• Fruits, vegetables, nuts, and colza/walnut/olive oils: 0 / 5 (value: 0, rounded value: 0)

    Negative points: 26

    • Energy: 6 / 10 (value: 2117, rounded value: 2117)
    • Sugars: 10 / 10 (value: 53.6, rounded value: 53.6)
    • Saturated fat: 10 / 10 (value: 10.1, rounded value: 10.1)
    • Sodium: 0 / 10 (value: 80, rounded value: 80)

    The points for proteins are not counted because the negative points are greater or equal to 11.

    Score nutritionnel: 24 (26 - 2)

    Nutri-Score: E

  • icon

    Sugars in high quantity (53.6%)


    What you need to know
    • A high consumption of sugar can cause weight gain and tooth decay. It also augments the risk of type 2 diabetes and cardio-vascular diseases.

    Recommendation: Limit the consumption of sugar and sugary drinks
    • Sugary drinks (such as sodas, fruit beverages, and fruit juices and nectars) should be limited as much as possible (no more than 1 glass a day).
    • Choose products with lower sugar content and reduce the consumption of products with added sugars.
  • icon

    Salt in low quantity (0.2%)


    What you need to know
    • A high consumption of salt (or sodium) can cause raised blood pressure, which can increase the risk of heart disease and stroke.
    • Many people who have high blood pressure do not know it, as there are often no symptoms.
    • Most people consume too much salt (on average 9 to 12 grams per day), around twice the recommended maximum level of intake.

    Recommendation: Limit the consumption of salt and salted food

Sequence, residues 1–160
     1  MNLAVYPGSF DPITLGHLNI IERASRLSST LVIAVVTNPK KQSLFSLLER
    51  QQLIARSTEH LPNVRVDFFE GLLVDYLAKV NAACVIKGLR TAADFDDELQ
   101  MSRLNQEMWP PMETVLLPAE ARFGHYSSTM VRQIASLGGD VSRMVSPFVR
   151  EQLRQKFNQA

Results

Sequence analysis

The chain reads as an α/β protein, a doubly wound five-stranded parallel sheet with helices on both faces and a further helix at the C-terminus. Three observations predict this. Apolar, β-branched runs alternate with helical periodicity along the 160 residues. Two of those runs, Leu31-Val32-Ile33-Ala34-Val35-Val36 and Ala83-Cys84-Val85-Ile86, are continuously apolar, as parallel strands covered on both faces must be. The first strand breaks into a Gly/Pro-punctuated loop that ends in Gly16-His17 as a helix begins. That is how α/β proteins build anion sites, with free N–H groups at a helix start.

• Reduce the quantity of salt used when cooking, and don't salt again at the table.
    • Limit the consumption of salty snacks and choose products with lower salt content.

  • icon

    Nutrition facts


    Nutrition facts As sold
    for 100 g / 100 ml
    As sold
    per serving (45 g)
    Compared to: Chocolate covered peanuts
    Energy 2,117 kj
    (506 kcal)
    953 kj
    (228 kcal)
    -2%
    Fat 25.4 g 11.4 g -9%
    Saturated fat 10.1 g 4.54 g -13%
    Carbohydrates 60.1 g 27 g +10%
    Sugars 53.6 g 24.1 g +11%
    Fiber 2.7 g 1.22 g -1%
    Proteins 9.4 g 4.23 g -4%
    Salt 0.2 g 0.09 g +33%
    Fruits‚ vegetables‚ nuts and rapeseed‚ walnut and olive oils (estimate from ingredients list analysis) 0 % 0 %
Serving size: 45 g

Environment

Carbon footprint

Packaging

Transportation

Data sources

Product added on by openfoodfacts-contributors
Last edit of product page on by packbot.
Product page also edited by beniben, ecoscore-impact-estimator, kiliweb, quechoisir, segundo, teolemon, yuka.UkxFakRwOE5vTjRucXMwQ3pqVHU1TU5OeklLMVl6dXNKdEJLSUE9PQ, yuka.ZHFNUFNvQU1yUGhSbjhRMzR3dlcrc3RReFlHb1VqK1BHN3NxSVE9PQ, yuka.sY2b0xO6T85zoF3NwEKvlklWc9aOnzv5FDj4nHzT-oqBLK7qYuBX5Ln-a6o.

If the data is incomplete or incorrect, you can complete or correct it by editing this page.